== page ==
Quebec is not going to separate from Canada. It’s just not going to happen.
Despite making that statement with the utmost confidence, I will openly acknowledge that there are people who genuinely wish for Quebec to be a country in the most open and honest of ways. I disagree with them, of course, but when someone tells me they wish Quebec to be independent from Canada because “it’s what I feel in my heart”, there’s no disputing the legitimacy of their statement. Who am I to tell them their feeling is wrong, even if I don’t feel the same way?
But the way the sovereignty movement, led by the PQ, has gone about trying to achieve its goal has been duplicitous at best and that’s a big part of the reason it has failed. Twice.
By hiding the true consequences of separation into the soft terminology of “sovereignty” and by asking complex, confusing and sneaky referendum questions, the PQ and its ilk have tried to trick Quebecers into creating a country.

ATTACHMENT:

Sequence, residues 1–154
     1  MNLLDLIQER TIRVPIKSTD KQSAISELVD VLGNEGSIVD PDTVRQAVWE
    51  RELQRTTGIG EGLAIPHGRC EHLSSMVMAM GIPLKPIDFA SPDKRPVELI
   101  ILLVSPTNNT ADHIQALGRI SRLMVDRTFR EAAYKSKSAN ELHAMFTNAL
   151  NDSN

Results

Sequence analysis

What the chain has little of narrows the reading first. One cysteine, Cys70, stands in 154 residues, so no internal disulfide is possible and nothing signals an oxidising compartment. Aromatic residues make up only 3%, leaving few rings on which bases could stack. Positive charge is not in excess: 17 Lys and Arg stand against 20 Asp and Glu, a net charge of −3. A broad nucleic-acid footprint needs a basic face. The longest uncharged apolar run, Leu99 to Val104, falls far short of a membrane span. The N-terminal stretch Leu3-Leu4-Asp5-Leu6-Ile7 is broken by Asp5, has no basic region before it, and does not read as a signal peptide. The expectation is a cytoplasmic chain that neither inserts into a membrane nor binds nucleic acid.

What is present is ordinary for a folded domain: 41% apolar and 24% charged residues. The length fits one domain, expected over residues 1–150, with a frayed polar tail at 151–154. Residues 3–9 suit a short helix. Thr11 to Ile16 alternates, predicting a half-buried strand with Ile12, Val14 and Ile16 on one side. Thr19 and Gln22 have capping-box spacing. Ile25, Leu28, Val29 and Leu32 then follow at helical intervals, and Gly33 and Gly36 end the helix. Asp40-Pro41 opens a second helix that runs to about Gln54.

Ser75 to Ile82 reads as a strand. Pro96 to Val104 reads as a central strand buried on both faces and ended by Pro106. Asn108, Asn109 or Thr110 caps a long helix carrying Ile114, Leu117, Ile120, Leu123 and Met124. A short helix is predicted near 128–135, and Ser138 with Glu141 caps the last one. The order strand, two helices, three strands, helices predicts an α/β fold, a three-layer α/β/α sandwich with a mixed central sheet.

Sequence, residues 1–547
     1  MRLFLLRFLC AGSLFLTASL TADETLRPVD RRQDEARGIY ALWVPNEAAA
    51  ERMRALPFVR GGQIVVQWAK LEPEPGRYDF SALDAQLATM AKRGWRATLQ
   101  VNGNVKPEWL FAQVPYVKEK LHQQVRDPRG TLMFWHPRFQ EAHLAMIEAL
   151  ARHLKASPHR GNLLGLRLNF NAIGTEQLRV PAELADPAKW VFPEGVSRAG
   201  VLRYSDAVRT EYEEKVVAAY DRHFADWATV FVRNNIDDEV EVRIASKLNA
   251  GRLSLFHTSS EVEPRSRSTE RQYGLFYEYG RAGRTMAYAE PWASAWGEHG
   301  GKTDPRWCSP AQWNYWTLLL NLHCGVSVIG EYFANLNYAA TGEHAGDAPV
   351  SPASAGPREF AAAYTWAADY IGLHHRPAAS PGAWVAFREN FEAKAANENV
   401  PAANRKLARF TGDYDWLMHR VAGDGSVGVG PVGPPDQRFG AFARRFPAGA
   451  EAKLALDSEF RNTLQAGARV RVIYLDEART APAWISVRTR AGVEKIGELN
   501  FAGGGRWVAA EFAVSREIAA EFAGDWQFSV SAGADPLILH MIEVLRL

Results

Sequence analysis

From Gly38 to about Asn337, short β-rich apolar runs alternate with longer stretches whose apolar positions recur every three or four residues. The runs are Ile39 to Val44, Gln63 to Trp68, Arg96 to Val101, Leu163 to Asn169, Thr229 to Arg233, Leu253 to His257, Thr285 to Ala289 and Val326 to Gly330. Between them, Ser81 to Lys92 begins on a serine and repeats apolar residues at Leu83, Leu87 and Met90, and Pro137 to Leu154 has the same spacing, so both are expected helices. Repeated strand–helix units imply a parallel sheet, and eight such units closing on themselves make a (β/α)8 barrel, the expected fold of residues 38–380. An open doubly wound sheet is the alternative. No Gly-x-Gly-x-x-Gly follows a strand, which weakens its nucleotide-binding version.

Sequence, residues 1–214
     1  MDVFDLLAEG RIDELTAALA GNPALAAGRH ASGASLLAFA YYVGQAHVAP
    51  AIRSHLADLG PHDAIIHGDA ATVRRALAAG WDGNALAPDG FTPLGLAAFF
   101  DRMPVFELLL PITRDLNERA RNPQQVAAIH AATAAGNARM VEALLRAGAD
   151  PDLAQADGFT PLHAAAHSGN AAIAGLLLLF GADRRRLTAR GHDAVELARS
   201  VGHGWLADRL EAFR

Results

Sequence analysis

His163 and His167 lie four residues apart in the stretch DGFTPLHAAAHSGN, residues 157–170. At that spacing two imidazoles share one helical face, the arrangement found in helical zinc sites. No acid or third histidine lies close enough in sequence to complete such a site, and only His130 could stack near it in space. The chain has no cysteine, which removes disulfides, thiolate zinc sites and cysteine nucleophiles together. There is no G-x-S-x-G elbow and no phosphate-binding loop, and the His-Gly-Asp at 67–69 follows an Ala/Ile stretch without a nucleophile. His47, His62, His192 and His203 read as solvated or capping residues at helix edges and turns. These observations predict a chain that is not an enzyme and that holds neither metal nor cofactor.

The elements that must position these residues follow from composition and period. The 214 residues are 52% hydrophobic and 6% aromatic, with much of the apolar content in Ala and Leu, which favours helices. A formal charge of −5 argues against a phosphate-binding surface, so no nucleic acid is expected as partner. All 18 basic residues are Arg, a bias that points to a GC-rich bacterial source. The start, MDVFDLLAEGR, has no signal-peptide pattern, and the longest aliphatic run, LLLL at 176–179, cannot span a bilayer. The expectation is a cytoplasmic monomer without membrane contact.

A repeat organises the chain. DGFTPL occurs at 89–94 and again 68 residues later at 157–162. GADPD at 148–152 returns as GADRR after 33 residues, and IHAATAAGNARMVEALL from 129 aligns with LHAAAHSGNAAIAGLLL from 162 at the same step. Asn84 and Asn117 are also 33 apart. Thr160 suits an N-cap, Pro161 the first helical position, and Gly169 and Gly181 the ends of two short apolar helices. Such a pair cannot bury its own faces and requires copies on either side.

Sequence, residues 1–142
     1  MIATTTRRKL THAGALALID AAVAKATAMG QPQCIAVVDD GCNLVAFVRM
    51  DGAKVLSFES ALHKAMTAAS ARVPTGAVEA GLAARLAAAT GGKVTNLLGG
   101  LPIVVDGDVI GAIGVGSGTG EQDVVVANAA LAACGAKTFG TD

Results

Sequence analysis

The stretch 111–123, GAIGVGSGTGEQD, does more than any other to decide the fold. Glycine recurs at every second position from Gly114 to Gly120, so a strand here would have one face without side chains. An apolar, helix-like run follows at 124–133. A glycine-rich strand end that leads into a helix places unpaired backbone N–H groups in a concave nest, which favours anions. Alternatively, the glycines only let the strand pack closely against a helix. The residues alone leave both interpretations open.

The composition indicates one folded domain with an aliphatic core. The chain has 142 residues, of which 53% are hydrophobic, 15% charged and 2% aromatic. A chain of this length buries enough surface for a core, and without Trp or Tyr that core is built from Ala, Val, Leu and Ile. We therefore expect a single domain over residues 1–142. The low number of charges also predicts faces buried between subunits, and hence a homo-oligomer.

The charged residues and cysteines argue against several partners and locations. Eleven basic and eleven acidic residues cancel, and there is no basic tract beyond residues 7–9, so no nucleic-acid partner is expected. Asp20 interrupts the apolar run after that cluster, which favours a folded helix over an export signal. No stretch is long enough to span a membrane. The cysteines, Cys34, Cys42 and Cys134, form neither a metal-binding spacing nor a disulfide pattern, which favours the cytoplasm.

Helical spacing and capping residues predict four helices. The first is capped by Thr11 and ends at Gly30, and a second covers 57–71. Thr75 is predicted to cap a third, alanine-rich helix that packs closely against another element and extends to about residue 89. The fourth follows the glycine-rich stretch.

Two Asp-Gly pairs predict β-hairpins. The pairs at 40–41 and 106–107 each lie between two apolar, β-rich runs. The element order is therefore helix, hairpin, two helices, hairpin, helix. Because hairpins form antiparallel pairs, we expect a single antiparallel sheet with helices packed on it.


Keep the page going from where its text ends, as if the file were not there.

Now, while I think Mario Beaulieu’s approach as leader of the Bloc Québécois is virtually guaranteed to wipe the BQ off the map, I have a certain respect for his openness. All he wants to talk about is separation, separation and separation. No hiding in the tall grass for this guy.
Similarly, Bernard Drainville, in his fresh pitch to become leader of the PQ has the same open intentions.
From The Gazette: Bernard Drainville considers ex-PQ leader Pauline Marois’s old job
The first thing to go is the word sovereignty.
“For my part, I prefer the term independence to sovereignty,” Drainville writes.
“For one thing, the word independence is a more current concept in our day. Independence is the opposite of dependence. It signifies the freedom to make our own choices and fully assume the responsibilities which go with them.”
Perhaps the best part is what Drainville says he would use as a referendum question.
La question fondamentale qui devrait, selon moi, fonder toute notre action jusqu’à l’atteinte de notre objectif est donc celle-ci : Le Québec doit-il demeurer une province du Canada ou devenir un pays indépendant?
Despite the fact that sovereignty, separation, or whatever you want to call it has been rejected overwhelmingly by Quebecers in two referendums and the parties that represent that idea, the BQ and PQ have been decimated in recent elections, at least we know the future of this antiquated movement is led by people who aren’t trying to trick Quebecers into a false idea of safety.